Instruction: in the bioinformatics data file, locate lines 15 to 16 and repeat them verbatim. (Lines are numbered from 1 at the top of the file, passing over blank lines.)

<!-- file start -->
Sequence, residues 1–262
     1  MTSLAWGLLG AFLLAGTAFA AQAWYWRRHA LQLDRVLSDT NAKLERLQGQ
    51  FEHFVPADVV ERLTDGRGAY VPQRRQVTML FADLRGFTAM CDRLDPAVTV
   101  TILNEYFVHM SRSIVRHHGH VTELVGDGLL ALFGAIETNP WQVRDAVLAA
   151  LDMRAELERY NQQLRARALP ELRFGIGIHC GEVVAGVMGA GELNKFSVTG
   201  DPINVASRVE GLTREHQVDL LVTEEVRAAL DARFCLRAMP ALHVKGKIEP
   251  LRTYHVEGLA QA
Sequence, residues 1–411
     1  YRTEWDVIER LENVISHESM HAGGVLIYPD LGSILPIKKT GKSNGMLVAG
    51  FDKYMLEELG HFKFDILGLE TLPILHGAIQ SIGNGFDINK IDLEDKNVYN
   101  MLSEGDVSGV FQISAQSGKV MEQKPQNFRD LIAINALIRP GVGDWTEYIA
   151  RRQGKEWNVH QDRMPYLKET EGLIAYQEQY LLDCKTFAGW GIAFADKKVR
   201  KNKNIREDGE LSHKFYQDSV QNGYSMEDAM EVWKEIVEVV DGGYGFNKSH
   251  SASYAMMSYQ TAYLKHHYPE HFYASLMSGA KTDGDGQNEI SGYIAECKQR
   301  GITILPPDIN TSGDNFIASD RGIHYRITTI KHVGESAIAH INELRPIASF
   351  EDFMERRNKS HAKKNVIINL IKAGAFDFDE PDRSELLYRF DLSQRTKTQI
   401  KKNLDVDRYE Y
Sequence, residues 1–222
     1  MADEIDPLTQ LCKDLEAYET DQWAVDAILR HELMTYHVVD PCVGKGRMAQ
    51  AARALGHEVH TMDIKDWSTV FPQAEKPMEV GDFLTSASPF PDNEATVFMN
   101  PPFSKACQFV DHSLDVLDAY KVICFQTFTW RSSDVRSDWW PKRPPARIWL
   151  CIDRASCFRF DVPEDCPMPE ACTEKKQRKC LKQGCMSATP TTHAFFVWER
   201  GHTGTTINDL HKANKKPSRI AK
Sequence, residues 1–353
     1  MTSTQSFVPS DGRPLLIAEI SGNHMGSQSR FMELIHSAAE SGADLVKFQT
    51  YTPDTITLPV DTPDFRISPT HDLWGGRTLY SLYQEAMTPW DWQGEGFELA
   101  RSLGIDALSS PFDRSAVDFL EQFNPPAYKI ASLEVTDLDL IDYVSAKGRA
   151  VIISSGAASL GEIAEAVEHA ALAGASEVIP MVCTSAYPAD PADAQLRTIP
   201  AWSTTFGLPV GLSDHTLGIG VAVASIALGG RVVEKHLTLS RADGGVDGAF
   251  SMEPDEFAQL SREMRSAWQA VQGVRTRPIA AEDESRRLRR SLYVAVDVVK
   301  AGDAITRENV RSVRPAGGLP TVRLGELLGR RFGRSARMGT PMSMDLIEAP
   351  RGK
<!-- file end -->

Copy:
   301  GITILPPDIN TSGDNFIASD RGIHYRITTI KHVGESAIAH INELRPIASF
   351  EDFMERRNKS HAKKNVIINL IKAGAFDFDE PDRSELLYRF DLSQRTKTQI